* British Airways, Flybe commit to boost competition
* Ryanair asks British Airways, Flybe for binding
* EU indicates Ryanair package likely its last chance
By Conor Humphries
DUBLIN, Feb 5 Ryanair is seeking binding
commitments from two rivals to compete with it as part of a
last-ditch attempt to secure anti-monopoly approval for a
takeover of smaller Irish rival Aer Lingus, a source
close to the deal said on Tuesday.
British Airways and Flybe have agreed in
principle to increase their presence on the Irish market to
allay concerns of the European Commission, Europe's
anti-monopoly watchdog, but Ryanair is seeking a binding
commitment approved by their respective boards, the source said.
The European Commission last week indicated that the package
of concessions will be Ryanair's last chance to convince it of
the merits of the Aer Lingus deal.
British Airways management has agreed to take over Aer
Lingus routes between Dublin and London's Gatwick Airport, the
Rival Flybe said in a statement that it had committed in
principle to setting up an Irish subsidiary, with 100 million
euros of capital provided by Ryanair, to take over Aer Lingus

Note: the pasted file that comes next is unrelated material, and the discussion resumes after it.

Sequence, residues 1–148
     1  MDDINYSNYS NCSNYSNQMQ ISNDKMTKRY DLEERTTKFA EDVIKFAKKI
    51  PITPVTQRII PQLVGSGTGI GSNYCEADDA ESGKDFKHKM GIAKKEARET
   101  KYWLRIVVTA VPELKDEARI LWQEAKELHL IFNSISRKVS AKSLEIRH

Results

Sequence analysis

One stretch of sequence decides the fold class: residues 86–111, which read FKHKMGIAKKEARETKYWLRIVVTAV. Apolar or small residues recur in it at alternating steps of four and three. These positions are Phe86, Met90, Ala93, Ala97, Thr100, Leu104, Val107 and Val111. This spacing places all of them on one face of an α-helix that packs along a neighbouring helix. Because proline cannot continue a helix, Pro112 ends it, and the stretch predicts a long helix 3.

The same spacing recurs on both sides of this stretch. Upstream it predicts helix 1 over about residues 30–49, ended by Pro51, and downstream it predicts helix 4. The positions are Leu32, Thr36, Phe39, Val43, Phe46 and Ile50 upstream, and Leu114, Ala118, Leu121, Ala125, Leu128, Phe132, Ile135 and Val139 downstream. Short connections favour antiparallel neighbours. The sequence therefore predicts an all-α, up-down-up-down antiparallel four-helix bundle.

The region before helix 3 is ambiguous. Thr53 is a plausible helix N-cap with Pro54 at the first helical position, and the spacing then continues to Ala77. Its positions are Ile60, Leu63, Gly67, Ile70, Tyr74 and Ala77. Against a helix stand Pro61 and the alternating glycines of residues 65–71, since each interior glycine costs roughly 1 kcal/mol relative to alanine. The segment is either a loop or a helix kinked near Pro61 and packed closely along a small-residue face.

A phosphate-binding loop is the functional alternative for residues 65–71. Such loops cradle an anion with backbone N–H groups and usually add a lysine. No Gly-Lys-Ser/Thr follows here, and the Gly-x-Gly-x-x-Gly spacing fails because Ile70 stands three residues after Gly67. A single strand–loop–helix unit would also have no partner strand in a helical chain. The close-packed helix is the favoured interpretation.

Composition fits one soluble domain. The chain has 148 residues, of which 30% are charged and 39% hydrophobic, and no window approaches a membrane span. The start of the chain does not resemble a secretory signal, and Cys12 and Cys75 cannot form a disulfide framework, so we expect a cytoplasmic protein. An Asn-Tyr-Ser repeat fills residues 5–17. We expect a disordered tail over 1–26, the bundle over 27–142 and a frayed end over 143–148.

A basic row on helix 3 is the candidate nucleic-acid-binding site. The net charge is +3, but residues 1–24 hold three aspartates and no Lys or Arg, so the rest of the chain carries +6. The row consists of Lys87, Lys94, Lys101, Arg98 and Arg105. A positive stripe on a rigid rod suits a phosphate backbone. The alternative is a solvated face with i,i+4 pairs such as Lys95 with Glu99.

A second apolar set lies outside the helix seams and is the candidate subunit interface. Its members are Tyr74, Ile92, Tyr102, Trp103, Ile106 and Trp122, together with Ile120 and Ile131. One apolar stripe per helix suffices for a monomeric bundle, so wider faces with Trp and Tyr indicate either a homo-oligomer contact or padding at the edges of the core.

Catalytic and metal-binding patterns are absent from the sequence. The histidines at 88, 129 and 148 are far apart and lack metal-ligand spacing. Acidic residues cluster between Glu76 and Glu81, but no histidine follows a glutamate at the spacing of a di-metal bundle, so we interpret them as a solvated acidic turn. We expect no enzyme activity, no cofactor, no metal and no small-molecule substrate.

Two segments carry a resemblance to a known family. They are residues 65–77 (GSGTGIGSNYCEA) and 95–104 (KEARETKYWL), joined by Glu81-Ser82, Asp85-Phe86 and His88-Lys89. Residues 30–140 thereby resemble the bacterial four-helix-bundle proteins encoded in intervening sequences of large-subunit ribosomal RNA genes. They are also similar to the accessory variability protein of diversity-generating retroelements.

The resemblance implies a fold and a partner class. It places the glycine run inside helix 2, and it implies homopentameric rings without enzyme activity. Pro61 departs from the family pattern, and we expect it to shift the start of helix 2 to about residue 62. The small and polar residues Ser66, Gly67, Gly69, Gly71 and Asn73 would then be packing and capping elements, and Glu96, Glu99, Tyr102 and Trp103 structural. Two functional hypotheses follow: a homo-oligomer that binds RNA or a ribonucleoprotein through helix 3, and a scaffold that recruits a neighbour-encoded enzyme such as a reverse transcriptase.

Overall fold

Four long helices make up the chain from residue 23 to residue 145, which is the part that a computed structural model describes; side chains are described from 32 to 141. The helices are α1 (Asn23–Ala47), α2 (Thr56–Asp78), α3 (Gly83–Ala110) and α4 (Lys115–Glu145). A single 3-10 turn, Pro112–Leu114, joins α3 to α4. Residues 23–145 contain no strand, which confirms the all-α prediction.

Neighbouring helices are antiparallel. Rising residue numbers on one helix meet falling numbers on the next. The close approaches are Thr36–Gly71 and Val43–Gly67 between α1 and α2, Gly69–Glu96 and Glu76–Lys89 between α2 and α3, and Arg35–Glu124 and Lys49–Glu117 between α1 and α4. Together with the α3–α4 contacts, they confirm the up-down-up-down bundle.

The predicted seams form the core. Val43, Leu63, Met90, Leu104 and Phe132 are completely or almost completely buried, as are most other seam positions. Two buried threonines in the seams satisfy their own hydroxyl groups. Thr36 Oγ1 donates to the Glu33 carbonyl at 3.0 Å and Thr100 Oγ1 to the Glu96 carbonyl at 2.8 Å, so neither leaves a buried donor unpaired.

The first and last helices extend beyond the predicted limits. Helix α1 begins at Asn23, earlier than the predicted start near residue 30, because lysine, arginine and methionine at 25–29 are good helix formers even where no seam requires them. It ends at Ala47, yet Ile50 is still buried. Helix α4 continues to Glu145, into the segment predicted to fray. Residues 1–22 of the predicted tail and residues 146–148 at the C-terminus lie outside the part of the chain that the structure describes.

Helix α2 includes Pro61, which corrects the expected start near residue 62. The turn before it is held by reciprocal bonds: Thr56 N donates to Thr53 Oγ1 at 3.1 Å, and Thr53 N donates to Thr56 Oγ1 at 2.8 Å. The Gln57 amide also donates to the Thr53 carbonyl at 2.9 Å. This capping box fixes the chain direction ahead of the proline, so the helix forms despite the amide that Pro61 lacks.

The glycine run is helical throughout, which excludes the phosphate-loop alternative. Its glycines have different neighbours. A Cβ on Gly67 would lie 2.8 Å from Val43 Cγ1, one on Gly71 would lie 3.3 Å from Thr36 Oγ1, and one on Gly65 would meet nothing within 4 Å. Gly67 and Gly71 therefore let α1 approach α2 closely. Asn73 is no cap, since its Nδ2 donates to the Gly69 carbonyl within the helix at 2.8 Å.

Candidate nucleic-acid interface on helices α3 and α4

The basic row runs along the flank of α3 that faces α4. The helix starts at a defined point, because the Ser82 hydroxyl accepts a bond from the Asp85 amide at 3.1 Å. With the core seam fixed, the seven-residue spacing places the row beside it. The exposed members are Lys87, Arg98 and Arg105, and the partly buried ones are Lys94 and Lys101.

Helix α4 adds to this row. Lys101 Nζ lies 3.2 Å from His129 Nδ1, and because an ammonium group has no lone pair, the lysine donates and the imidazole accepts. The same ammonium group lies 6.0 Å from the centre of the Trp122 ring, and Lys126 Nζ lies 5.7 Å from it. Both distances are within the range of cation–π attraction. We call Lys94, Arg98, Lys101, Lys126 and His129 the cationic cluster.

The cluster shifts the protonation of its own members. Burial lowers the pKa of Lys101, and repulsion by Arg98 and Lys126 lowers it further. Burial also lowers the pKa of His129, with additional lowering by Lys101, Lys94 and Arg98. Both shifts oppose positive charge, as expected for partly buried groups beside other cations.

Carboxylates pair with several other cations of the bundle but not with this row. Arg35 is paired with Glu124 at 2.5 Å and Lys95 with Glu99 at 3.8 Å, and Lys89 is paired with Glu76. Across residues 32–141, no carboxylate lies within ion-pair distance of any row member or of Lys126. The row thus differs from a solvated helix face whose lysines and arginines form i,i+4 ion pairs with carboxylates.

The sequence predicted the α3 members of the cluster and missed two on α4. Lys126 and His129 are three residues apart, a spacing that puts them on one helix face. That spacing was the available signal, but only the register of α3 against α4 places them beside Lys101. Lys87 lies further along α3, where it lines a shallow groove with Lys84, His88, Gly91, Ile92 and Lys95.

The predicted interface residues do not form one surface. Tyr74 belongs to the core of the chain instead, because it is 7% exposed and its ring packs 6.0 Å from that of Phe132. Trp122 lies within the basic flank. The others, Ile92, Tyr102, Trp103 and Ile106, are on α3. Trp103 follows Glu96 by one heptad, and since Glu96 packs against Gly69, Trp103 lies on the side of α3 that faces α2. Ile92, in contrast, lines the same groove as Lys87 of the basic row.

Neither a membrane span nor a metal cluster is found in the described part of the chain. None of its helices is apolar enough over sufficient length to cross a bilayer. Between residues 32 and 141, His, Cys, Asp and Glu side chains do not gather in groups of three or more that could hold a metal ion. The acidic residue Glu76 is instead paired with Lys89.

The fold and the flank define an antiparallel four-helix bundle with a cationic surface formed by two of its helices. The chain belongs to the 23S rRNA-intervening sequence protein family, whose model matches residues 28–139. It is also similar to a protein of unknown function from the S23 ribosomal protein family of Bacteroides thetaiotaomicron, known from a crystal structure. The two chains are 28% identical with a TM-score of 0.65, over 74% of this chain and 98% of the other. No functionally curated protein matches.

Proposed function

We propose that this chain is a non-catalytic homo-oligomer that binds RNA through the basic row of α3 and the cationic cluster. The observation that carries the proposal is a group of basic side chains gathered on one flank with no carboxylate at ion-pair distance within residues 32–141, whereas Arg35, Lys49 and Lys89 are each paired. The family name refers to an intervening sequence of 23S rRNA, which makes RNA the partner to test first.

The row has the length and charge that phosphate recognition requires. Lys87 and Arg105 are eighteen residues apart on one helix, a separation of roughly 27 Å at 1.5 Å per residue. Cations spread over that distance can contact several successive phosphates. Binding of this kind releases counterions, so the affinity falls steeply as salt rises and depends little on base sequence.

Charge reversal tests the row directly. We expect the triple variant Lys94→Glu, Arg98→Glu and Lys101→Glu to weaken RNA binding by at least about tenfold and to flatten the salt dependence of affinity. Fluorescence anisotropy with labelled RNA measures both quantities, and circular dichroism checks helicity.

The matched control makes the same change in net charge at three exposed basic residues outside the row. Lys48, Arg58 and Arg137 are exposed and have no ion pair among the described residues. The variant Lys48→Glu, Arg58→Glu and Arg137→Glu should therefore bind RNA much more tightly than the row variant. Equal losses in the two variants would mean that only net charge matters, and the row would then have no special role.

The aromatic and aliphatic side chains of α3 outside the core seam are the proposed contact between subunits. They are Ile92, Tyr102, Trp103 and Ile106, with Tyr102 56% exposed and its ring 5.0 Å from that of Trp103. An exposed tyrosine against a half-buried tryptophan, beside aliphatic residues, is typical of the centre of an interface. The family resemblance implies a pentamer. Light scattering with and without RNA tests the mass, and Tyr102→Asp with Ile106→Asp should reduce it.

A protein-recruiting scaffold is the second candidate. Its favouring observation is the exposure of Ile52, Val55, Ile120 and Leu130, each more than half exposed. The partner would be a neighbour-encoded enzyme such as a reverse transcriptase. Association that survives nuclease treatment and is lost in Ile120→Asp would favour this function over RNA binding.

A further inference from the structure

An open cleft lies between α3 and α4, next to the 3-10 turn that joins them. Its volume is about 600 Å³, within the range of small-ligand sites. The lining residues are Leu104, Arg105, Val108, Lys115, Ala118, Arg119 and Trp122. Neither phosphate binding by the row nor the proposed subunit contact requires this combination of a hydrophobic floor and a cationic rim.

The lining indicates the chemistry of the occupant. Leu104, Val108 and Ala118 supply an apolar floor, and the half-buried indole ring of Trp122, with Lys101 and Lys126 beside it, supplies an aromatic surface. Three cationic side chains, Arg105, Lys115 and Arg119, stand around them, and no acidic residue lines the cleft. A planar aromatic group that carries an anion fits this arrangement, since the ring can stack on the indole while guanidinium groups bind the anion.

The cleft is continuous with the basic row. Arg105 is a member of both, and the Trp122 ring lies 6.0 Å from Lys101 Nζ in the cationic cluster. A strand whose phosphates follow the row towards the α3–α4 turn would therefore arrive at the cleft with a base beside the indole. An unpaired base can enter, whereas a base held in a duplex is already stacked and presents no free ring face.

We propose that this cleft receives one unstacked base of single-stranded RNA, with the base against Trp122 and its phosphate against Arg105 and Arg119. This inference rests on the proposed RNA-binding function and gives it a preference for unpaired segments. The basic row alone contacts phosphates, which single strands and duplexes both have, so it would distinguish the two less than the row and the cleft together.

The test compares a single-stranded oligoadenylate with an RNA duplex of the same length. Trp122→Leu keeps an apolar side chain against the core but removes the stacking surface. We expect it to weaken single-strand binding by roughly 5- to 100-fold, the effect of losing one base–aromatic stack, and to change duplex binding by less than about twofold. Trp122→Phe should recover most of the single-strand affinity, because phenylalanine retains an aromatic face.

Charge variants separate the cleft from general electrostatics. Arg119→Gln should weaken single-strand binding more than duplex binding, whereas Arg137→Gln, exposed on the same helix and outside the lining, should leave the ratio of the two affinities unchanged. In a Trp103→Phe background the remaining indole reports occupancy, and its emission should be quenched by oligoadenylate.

Analysts say the concessions have raised the chance of
approval by the European Commission, and Aer Lingus' share price
has climbed from 1.10 euro at the start of January to 1.28, just
short of the 1.30 euro bid price.
But concerns remain about the strength of Flybe, which has
issued profit warnings in recent months and laid off 10 percent
of its UK based staff.
Some observers have also questioned the commercial logic for
British Airways, which is based in Heathrow, of launching
additional capacity from Gatwick.
"If investors were putting on 10 percent probability, now
they might be putting on a 30-40 percent probability," a
Dublin-based trader said.
Ryanair had offered to sell Aer Lingus' Heathrow routes to
British Airways to allay concerns the merger would curb
competition on routes between the United Kingdom and Ireland.
But the fact that Aer Lingus requires the approval of over
75 percent of its shareholders to dispose of Heathrow slots
raised concerns in the European Commission about the ability of
the merged airline to sell the slots, the source said.
The Irish government, which owns 25 percent of Aer Lingus,
has said it opposes Ryanair's bid.
Instead, British Airways will commit to take on Aer Lingus
routes between Gatwick Airport and Dublin, with an option to
take over the Heathrow routes if Ryanair ultimately secures over
75 percent, the source said.
A spokesman for British Airways declined to comment.
The new Flybe subsidiary would operate 43 routes that are
currently worth around 20 million euros in profit to Aer Lingus
each year, the source said.
Ryanair would have no involvement with Flybe after the new
venture's creation and will not guarantee its profits, the
Flybe, a low-cost regional airline group operating over 180
routes to 65 European airports, said in a statement that the
deal was subject to EU commission approval.